needpix.com<p>Today, bubonic plague can be treated effectively with antibiotics.</p><p style="margin-left: 20px;">"Unlike in the 14th century, we now have an understanding of how this disease is transmitted," Dr. Shanthi Kappagoda, an infectious disease physician at Stanford Health Care, told <a href="https://www.healthline.com/health-news/seriously-dont-worry-about-the-plague#Heres-how-the-plague-spreads" target="_blank">Healthline</a>. "We know how to prevent it — avoid handling sick or dead animals in areas where there is transmission. We are also able to treat patients who are infected with effective antibiotics, and can give antibiotics to people who may have been exposed to the bacteria [and] prevent them [from] getting sick."</p>
This plague patient is displaying a swollen, ruptured inguinal lymph node, or buboe.
Centers for Disease Control and Prevention<p>Still, hundreds of people develop bubonic plague every year. In the U.S., a handful of cases occur annually, particularly in New Mexico, Arizona and Colorado, <a href="https://www.cdc.gov/plague/faq/index.html" target="_blank">where habitats allow the bacteria to spread more easily among wild rodent populations</a>. But these cases are incredibly rare, mainly because you need to be in close contact with rodents in order to get infected. And though plague can spread from human to human, this <a href="https://www.healthline.com/health-news/seriously-dont-worry-about-the-plague#Heres-how-the-plague-spreads" target="_blank">only occurs with pneumonic plague</a>, and transmission is also very rare.</p>
A new swine flu in China<p>Last week, researchers in China also reported another public health concern: a new virus that has "all the essential hallmarks" of a pandemic virus.<br></p><p>In a paper published in the <a href="https://www.pnas.org/content/early/2020/06/23/1921186117" target="_blank">Proceedings of the National Academy of Sciences</a>, researchers say the virus was discovered in pigs in China, and it descended from the H1N1 virus, commonly called "swine flu." That virus was able to transmit from human to human, and it killed an estimated 151,700 to 575,400 people worldwide from 2009 to 2010, according to the Centers for Disease Control and Prevention.</p>There's no evidence showing that the new virus can spread from person to person. But the researchers did find that 10 percent of swine workers had been infected by the virus, called G4 reassortant EA H1N1. This level of infectivity raises concerns, because it "greatly enhances the opportunity for virus adaptation in humans and raises concerns for the possible generation of pandemic viruses," the researchers wrote.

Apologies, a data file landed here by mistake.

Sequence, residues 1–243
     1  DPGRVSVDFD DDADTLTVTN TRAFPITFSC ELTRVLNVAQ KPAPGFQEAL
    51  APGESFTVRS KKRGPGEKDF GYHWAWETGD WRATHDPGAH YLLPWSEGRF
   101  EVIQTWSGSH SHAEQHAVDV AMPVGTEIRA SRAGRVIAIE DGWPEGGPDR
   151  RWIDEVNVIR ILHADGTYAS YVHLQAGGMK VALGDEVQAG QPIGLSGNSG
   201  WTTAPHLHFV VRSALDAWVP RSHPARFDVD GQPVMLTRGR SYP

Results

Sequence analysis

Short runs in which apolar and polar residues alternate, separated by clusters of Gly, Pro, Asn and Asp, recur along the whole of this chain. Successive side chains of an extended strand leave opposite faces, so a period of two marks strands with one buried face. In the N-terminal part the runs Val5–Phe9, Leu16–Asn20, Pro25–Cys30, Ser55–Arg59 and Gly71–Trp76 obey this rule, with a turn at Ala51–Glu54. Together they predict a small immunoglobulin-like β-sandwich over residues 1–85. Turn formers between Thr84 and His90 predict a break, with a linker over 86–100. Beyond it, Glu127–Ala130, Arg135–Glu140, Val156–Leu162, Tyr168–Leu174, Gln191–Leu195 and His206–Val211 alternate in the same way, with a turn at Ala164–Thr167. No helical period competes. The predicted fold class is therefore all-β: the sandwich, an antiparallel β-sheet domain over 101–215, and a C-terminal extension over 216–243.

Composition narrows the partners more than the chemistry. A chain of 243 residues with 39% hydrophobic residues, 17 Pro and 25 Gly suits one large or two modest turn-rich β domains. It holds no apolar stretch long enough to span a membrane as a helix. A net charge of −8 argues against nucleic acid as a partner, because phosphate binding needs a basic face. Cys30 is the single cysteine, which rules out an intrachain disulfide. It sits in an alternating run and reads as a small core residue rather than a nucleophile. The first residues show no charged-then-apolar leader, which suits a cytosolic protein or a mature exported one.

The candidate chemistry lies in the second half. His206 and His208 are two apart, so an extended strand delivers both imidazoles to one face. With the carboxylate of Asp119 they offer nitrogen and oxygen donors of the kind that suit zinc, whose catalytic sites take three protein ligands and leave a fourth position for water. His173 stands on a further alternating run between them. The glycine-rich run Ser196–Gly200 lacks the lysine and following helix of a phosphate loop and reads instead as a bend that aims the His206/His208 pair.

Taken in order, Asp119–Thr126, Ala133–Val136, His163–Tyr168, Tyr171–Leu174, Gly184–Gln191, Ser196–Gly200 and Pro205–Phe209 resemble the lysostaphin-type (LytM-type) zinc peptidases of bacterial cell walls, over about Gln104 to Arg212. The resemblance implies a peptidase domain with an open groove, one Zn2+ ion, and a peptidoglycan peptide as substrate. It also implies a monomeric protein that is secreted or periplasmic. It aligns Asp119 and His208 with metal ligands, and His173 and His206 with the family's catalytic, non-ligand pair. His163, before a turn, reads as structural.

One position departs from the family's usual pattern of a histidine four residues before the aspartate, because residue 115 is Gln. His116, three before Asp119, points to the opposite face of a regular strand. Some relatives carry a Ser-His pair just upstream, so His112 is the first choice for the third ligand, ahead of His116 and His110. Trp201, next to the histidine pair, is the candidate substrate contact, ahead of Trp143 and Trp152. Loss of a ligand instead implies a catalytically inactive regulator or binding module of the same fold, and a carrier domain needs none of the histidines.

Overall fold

The word "learning" opens up space for more people, places, and ideas.
- The terms 'education' and 'learning' are often used interchangeably, but there is a cultural connotation to the former that can be limiting. Education naturally links to schooling, which is only one form of learning.
- Gregg Behr, founder and co-chair of Remake Learning, believes that this small word shift opens up the possibilities in terms of how and where learning can happen. It also becomes a more inclusive practice, welcoming in a larger, more diverse group of thinkers.
- Post-COVID, the way we think about what learning looks like will inevitably change, so it's crucial to adjust and begin building the necessary support systems today.
Scientists uncovered the secrets of what drove some of the world's last remaining woolly mammoths to extinction.
Every summer, children on the Alaskan island of St Paul cool down in Lake Hill, a crater lake in an extinct volcano – unaware of the mysteries that lie beneath.
The coronavirus pandemic has brought out the perception of selfishness among many.
- Selfish behavior has been analyzed by philosophers and psychologists for centuries.
- New research shows people may be wired for altruistic behavior and get more benefits from it.
- Crisis times tend to increase self-centered acts.